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Naveen Rabelli recently completed a unique 10,000-km journey from India to the UK in a fully solar-powered auto-rickshaw. His mission was simple: To show the world what Indian jugaad or frugal innovation can achieve in the world of renewables. A colourful solar-powered auto-rickshaw rode into London recently to complete its 10,000-km journey from India. The autorickshaw, or tuk-tuk as it is known in some parts of the world, was driven by Indian engineer Naveen Rabelli who had set off from Bengaluru in February. He arrived at Dover ferry crossing in the UK on September 12, five days later than expected because he was robbed during a toilet break last week as he approached the ferry crossing from France. “The purpose of this journey is to create awareness of alternative mobility solutions for passenger vehicles in Asian and European countries using renewable energy - mix of solar and electricity,” explains the 35-year-old, who refused to let the robbery in France get him down. “My passport and wallet were stolen when I parked to go to the toilet at a fast food restaurant at Sarcelles, about 45 km west of Paris. I reported it to the police, where there were some language issues but after a few hours they found an officer who could speak English. They are very helpful and sorry when they heard that I was about to finish my trip,” he said. India-born Rabelli, who now holds an Australian passport, was able to acquire an emergency travel document and complete his journey. He drove up to Buckingham Palace in London and then attended the Low Carbon Vehicle Event 2016 in Millbrook, Bedfordshire, in September, seven months after he set off from India. “The aim was to highlight an entirely Indian solution to the world and show the benefits of using a prototype that is reliable, feasible and affordable,” said Rabelli. The mission was to spread awareness about the power and potential of clean energy. “It's really feasible. A person like me in a garage can make it and live his dream of traveling from India to London, so maybe in the future we can really see it's quite possible.” The specially-modified autorickshaw, which is equipped with a bed, food cupboard and solar-powered cooker, was shipped from India to Bandar Abbas in Iran from where he kick-started the overland mission to drive through Iran, Turkey, Bulgaria, Serbia, Austria, Switzerland, Germany and France before arriving in the UK. Among his more memorable experiences, he recalls how in one town in Iran he smoked horse shit.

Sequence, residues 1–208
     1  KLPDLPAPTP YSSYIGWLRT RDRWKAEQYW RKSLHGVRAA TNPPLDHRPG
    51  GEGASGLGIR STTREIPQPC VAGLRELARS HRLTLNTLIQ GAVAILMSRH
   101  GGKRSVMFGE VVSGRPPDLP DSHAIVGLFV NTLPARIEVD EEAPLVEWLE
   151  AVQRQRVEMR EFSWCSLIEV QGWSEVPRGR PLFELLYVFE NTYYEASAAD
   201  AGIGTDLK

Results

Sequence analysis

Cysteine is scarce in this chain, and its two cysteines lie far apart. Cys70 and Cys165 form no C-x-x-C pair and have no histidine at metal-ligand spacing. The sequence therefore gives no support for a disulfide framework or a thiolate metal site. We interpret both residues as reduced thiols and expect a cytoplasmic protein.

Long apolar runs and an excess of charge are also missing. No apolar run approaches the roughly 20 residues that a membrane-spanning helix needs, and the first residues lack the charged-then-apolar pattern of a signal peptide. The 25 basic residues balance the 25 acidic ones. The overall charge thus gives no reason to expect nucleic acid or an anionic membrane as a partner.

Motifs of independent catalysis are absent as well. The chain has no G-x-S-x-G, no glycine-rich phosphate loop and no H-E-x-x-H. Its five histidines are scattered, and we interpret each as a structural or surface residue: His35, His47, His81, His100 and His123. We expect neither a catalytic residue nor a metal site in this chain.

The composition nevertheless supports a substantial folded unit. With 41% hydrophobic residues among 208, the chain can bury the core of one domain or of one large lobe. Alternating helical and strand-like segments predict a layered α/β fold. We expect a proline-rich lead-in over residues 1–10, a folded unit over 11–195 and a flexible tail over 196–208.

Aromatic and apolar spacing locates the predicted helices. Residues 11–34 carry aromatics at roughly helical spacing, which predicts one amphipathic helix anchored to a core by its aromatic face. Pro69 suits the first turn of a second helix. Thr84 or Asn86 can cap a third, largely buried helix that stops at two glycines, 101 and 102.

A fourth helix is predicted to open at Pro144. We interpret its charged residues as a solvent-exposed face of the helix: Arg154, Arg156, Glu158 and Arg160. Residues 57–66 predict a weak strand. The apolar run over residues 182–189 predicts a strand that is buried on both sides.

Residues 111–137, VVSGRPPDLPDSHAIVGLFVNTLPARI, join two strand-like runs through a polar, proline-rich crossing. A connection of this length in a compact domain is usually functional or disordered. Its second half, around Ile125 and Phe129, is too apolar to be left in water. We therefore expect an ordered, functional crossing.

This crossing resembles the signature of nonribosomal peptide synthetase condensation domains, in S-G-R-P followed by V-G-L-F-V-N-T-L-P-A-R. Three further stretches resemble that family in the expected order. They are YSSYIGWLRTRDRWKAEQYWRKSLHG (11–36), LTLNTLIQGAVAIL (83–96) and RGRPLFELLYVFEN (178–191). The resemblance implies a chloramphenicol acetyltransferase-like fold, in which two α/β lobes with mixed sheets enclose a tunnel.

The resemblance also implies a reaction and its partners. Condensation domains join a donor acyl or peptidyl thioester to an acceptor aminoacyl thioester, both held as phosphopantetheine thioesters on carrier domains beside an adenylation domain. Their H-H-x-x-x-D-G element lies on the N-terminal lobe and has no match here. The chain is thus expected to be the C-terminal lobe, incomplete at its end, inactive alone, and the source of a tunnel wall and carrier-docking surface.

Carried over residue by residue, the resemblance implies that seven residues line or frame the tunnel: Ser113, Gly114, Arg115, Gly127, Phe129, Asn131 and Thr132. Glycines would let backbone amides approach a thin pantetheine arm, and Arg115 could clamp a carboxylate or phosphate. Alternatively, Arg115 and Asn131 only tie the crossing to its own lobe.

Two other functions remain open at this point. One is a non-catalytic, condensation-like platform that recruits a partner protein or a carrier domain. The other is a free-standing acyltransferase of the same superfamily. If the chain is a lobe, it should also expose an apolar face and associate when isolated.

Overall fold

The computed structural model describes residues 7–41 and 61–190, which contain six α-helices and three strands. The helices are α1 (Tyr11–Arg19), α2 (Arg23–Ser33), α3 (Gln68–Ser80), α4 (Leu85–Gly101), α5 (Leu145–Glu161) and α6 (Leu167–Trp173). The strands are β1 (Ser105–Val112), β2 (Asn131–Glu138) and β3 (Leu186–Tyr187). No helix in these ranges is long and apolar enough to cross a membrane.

“It seems that this special horse shit is good for sore throats, which I had at the start of the journey in Iran. At first I thought it was prank, but other people too smoked the same,” he said. The diesel-powered autorickshaw cost him $1,500 to buy, on which he spent an additional $11,500 to get it ready for the zero-emission adventure, entitled “Tejas”. His website solartuktuk.com offers people the chance to track his journey and plans in the future. He recalls: “It's going to take some time for me to believe that this has happened! I hardly had any time to myself to think about this because I was meeting a lot of people. When I was in ferry from Calais, from the top of the deck and half way through I could see Calais on my right hand side and on left Dover was arriving. At that particular moment I knew that I had done it. “My mind had glimpses like a show reel of the all the work done and all the people I met for last four years.” Rabelli holds a Master′s degree in electronic engineer and has experience as a product development engineer in the automotive industry. The Tuk Tuk The Piaggio Ape diesel three-wheeler was converted into an electric solar-powered one. Keeping modularity in mind, new components have been integrated in a way that enables convenient replacement. This approach leaves scope for development in the future. The unique and different feature of the prototype is the iData Acquisition System (DAQ), an on-board computer and a driver display system, to monitor the performance of the vehicle.